« Under construction, everything is only half complete. In ruins, all is complete. »
The Prince, Béla Tarr, Werckmeister Harmonies, 2000
Young duo mountaincutters is a hybrid, practising in situ sculpture that radically contaminates the space of the sites where he/she exhibits. The vagaries of identity are echoed in a corresponding aesthetic incertitude that emphasises transitory situations and unfinished forms in apparently fortuitous compositions of a savage beauty. Corrupted materials and dirty objects, dust, earth and rust invading surfaces and floors, broken concrete slabs, rough and ready ceramic, continuously circulating water: mountaincutters installations are traces of improbable activities, caught between construction and destruction, between architecture and archaeology, and looking at times like an abandoned building site. A raw, not to say brutal, character where the ‘misshapen’ arouses a degree of doubt or unease and also a particular fascination for the ruined. This obvious aridity can’t hide the rigour or the precision of some discreetly theatrical, even spectacular, compositions that always suggest an activity ‘by implication’. In fact, everything here resonates with an absent body for which these sculptures would be artificial limbs and organs, rudimentary and insufficient appendages locked into a functional logic whose finality escapes us. And if it were a scene from theatre, it would be from tragedy, or more precisely from the resurgence of tragedy in the industrial era. There is in fact a literary side to mountaincutters’ sculptural practice. The written work that accompanies it, raw poetry written in the first person, organically mirrors the material structures. Photographs sometimes appear to offer the beginnings of a narrative; from there on, an unfathomable mystery emanates from the oeuvre, taken in the two etymological senses of work and of opera, i.e. related to difficulty and bodies being modified, but also to the enigma of creation.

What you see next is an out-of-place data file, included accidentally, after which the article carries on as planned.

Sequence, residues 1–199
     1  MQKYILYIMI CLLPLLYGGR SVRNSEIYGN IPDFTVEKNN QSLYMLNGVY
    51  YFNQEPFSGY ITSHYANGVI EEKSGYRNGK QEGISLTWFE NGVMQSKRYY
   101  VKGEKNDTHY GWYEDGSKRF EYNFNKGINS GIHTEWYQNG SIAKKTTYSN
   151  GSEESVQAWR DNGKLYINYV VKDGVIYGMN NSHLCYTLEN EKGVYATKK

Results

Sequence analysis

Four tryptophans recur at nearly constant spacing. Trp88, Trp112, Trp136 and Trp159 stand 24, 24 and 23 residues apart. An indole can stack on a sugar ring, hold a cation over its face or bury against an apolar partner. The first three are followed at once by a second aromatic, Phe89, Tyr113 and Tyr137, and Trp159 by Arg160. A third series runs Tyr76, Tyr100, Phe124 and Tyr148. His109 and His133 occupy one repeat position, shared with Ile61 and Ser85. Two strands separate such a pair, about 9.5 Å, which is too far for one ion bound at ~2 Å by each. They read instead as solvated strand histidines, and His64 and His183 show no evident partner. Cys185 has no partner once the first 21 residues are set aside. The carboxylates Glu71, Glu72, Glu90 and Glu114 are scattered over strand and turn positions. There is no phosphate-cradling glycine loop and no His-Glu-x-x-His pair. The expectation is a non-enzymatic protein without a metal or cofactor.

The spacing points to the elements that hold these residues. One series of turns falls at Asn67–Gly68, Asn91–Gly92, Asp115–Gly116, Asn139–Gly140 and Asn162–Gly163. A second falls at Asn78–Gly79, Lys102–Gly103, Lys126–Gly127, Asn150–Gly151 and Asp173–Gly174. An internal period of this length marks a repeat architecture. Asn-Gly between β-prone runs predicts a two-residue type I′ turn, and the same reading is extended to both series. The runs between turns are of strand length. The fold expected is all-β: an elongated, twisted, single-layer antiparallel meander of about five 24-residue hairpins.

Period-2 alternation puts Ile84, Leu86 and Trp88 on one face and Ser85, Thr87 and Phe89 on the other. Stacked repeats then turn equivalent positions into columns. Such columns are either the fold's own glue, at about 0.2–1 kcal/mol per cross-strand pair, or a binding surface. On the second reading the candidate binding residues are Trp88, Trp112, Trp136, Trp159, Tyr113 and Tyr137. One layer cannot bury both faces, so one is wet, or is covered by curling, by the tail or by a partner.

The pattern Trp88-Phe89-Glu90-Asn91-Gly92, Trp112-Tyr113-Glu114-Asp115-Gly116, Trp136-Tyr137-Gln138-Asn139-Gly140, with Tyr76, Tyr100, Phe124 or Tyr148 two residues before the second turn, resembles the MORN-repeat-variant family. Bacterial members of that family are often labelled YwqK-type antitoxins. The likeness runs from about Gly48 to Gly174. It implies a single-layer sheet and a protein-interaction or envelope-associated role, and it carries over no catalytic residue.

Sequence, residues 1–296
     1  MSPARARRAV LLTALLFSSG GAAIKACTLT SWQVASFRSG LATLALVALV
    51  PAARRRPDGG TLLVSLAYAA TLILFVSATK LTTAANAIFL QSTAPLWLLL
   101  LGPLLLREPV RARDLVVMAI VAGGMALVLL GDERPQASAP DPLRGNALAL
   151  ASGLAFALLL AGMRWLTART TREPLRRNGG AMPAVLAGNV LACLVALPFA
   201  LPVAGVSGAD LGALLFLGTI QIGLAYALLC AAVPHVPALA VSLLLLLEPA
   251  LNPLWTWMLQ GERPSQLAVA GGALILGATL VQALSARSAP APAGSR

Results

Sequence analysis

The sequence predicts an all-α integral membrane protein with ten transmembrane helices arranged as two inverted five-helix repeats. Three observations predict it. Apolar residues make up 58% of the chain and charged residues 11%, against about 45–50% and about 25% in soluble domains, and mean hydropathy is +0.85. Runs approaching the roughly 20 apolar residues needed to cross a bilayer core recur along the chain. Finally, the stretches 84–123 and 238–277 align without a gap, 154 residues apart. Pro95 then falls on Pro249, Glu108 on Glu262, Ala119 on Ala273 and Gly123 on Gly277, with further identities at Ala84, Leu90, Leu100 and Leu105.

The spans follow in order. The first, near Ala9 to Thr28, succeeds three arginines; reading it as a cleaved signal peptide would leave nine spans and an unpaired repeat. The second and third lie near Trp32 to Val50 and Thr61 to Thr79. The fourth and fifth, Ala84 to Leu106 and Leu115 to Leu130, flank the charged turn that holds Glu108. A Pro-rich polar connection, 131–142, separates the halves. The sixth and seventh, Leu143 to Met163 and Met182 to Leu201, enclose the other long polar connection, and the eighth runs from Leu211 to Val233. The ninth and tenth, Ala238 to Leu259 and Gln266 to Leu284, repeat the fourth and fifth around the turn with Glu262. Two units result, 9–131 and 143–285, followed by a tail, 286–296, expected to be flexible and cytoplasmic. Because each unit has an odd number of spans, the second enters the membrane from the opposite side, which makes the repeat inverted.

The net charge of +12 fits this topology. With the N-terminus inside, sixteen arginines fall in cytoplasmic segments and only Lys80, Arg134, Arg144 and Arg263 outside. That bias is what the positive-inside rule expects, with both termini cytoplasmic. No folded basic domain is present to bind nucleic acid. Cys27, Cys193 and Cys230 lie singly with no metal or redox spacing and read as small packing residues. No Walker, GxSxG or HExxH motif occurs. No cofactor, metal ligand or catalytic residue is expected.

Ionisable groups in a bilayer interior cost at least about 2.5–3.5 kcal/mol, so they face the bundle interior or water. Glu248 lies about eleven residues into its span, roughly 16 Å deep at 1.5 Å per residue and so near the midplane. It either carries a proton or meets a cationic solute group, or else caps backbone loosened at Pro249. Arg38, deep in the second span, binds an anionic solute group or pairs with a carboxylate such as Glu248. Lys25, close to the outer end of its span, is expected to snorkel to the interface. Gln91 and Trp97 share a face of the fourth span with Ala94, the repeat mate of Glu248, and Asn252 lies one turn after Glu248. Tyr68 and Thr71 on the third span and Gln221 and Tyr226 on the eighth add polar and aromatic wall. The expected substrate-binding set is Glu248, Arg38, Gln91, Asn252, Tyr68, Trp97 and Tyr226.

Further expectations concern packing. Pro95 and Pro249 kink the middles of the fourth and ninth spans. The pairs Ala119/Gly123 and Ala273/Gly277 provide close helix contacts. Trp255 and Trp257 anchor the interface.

The Spolia exhibition project unfolds the work of mountaincutters across a vast installation that includes new productions (with sculptures, drawings, videos) yet is also a receptacle for other forms – films, objects, texts, documents, works, etc. – chosen by the curator and the artists to echo their work. From Etel Adnan’s paintings to artefacts produced for the replica of the Chauvet Cave, from Pasolini’s politico-poetic approach to the experimental music of Moondog, by way of poetry by Christophe Tarkos or Manuel Joseph, these heteroclite elements form a kind of ‘fictional genealogy’ laid out in space. A zone of muted tension pierced at the surface, as if by capillary action, with remnants of the repressed.
The title of this simultaneously collective and individual exhibition, Spolia, comes from a Latin word that designates the architectural use of a fragment of an existing construction by integrating it into a new whole. The obscure origins of this practice – at different times and places out of necessity, homage or displays of dominance through ‘despoiled’ property – sits perfectly with the fundamentally archaeological character of mountaincutters’ work and with the hybrid nature of this particular project. The artists carried out research in Saint-Nazaire and the surrounding area ahead of the exhibition, drawing on the industrial, historical and sensual resources of places. The whole therefore makes up a kind of ‘meta exhibition’ or total artwork giving an enlarged understanding of both their work and the ghosts that haunt it. It is notably concerned with destruction, fusion, fossils, tragedy, reparation, poetry and politics, but captured in a non-discursive system arising instead from the ineffable, or even from the literally ‘unnameable’, i.e.: that which refuses to be named.
With : moutaincutters, Etel Adnan, CADA (Colectivo Acciones de Arte), Danièle Allemand et Stéphane Gérard (initiateurs de l’atelier Phénomènes), Manuel Joseph, l’art du Kintsugi (Catherine Algoet/mountaincutters), Moondog, Pier Paolo Pasolini, W.G. Sebald, Richard Serra Christophe Tarkos.
Special thanks to : Amaury Cornut, Philippe Durand, Stéphane Gérard, Wolfgang Gnida, Jean-Marc Prévost